The densely populated region of Casablanca-Settat continues to be the worst impacted by the virus. The region that hosts Morocco’s economic center recorded 488 new cases of COVI-19 as well as three related deaths. Casablanca was followed by Rabat-Sale-Kenitra (51 new cases, one death), Marrakech-Safi (36 new cases, no deaths) and Dakhla-Oued Eddahab where an additional 19 cases were detected without any reported casualties over the past 24 hours. The Oriental region also recorded 19 new cases, followed closely by Tanger-Tetouan-Al Hoceima (15), Souss-Massa (14), Daraa-Tafilalet (12) and Sakia El Hamra (7). No unrelated deaths were reported in these regions. The southern region of Laayoune-Sakia El Hamra reported 12 new cases and no deaths over the past 24 hours while Guelmim-Oued Noun detected 6 new cases and one related death. Beni-Mellal and Fes-Meknes reported no related deaths with six and three cases each respectively. 

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Friday, April 02, 2021

Morocco Coronavirus Update April 2nd 6pm

Moroccan media reported that health officials detected more than 10 cases of the mutated virus in the small town, home to 42,044 people. 

Infected citizens of the remote city, situated near an oasis in the foothills of the Atlas mountains, were evacuated to a local COVID-19 medical center where they will be kept for observation. Public authorities deliberated with regional authorities to establish new measures in Tinghir to reduce some citizens’ “lax approach” to anti-COVID-19 precautions. 

Local authorities warned of a “dangerous wave of the mutated virus” as the British mutation is becoming increasingly prevalent in Morocco. New measures will include stricter enforcement of masking and social distancing protocols. Authorities ask citizens to check on each other to ensure adherence to the rules and to follow curfew restrictions. 

 Tinghir will now be the second town under new measures because of the COVID-19 mutation. Read also: COVID-19: Spread Of British Variant Worries Morocco’s Health Officials Dakhla started a three-day lockdown on April 1 after health officials detected 40 cases of the mutated strain in the region of Dakhla-Oued Eddahab. The emergence of a few dozen new cases raised eyebrows as the remote city had reported new cases in the single digits over the past months. 

 The region of Dakhla-Oued Eddahab rocketed up the list of most-affected regions dealing with COVID-19. Typically at the bottom of the list, Dakhla’s remote region suddenly became the fourth worst affected region on March 31. While new cases in Dakhla have decreased ever since, the region of Draa-Tafilalet, where Tinghir is located, is likely to rise in the unfortunate rankings. The reason for concern in both cities is the emergence of the British variant of the COVID-19 virus. Both more contagious and more deadly, the mutation has quickly spread across the globe. Since its emergence in November 2020, the UK variant is now the dominant COVID-19 variant in 10 nations as it spreads across the world.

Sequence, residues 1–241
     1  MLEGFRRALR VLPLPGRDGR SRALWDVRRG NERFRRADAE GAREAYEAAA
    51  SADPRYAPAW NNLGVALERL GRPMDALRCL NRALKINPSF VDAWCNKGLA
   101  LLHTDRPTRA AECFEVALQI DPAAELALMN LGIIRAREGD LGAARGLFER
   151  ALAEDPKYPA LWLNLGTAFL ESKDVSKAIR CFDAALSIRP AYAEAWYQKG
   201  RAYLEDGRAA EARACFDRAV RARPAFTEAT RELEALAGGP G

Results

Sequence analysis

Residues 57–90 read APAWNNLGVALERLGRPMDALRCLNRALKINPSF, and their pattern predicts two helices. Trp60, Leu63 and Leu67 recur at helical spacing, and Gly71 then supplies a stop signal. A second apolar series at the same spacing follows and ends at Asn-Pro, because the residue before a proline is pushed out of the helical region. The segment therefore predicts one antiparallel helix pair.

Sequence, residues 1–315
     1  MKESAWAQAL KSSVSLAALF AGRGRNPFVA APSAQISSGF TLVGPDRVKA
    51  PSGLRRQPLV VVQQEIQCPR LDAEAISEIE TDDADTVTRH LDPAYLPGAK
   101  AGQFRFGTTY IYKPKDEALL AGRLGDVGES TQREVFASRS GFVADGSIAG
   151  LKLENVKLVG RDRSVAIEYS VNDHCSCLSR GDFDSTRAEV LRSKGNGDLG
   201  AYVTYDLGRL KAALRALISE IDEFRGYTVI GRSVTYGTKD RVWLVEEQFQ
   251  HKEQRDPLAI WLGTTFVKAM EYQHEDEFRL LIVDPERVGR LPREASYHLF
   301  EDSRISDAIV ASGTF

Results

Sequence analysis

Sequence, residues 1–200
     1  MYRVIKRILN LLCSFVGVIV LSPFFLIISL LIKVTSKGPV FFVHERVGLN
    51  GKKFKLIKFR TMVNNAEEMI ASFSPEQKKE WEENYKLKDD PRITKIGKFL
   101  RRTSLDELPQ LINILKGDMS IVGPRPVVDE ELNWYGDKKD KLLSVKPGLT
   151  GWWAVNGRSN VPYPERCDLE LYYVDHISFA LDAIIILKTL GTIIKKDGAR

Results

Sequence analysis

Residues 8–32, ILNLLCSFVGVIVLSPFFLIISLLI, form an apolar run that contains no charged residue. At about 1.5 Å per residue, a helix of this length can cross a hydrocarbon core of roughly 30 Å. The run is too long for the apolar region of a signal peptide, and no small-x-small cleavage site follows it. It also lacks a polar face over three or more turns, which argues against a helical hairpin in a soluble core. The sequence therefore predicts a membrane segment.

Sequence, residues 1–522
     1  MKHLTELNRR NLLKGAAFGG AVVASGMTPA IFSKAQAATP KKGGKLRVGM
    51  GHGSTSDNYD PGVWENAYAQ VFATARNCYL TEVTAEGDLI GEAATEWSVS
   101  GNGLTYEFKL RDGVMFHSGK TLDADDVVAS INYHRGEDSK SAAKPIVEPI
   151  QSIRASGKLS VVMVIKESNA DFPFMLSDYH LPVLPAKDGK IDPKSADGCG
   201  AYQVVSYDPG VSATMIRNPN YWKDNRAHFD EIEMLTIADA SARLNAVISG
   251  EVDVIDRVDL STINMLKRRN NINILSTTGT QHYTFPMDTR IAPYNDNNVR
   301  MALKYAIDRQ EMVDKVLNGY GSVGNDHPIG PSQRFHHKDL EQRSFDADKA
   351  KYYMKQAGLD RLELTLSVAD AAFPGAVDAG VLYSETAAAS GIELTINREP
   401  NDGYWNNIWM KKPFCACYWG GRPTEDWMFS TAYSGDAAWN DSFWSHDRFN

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Thursday, April 01, 2021

Morocco Coronavirus Update April 1st 6pm

Morocco’s government appears to be contemplating more restrictive measures against the spread of the British COVID-19 mutation.

 Public health authorities have already intervened in the southern coastal city of Dakhla. There, officials announced a new three-day citywide lockdown after local health officials detected 40 cases of the British variant. 

 It appears that Morocco as a whole could soon be facing a similar approach. Regional lockdowns are a possibility, with half of the country’s cases now concentrated in the Casablanca-Settat region. 

 However, it is possible the government is preparing tougher nationwide measures ahead of the holy month of Ramadan that is set to commence mid-April. 

 Morocco has now detected more than 73 cases of the British COVID-19 mutation, leading to fears that the variant could cause a resurgence in infections, as it has done in Europe. The British mutation The UK COVID-19 variant, known in Britain as the “Kent variant” and scientifically as “B.1.1.7,” first emerged in the Medway Maritime Hospital in Gillingham, Kent. First detected in November, it rapidly spread, first across the British isles and then across the world. The British variant was first detected in the US in December and by February 9 it had spread to 59 countries around the world. 

 Already in January WHO Europe was calling for tougher measures to stop the spread of the new mutation. “It is our assessment that this variant of concern may, over time, replace other circulating lineages,” the WHO’s Hans Kluge said at the start of the year. On February 17, the British COVID-19 variant accounted for 96% of all COVID-19 infections in Great Britain. By early March, the British variant was spreading throughout 27 European countries and had become the dominant (most detected) mutation in Britain, Denmark, Italy, Ireland, Germany, France, the Netherlands, Israel, Spain, and Portugal. Much is at stake for Morocco. 

Within the last four months, Morocco has been able to reduce its new daily COVID-19 cases nearly tenfold. With the British variant now increasingly present, Morocco’’s health authorities are likely to opt for tough measures in order to make sure this new mutation does not explode across the country amid Ramadan celebrations.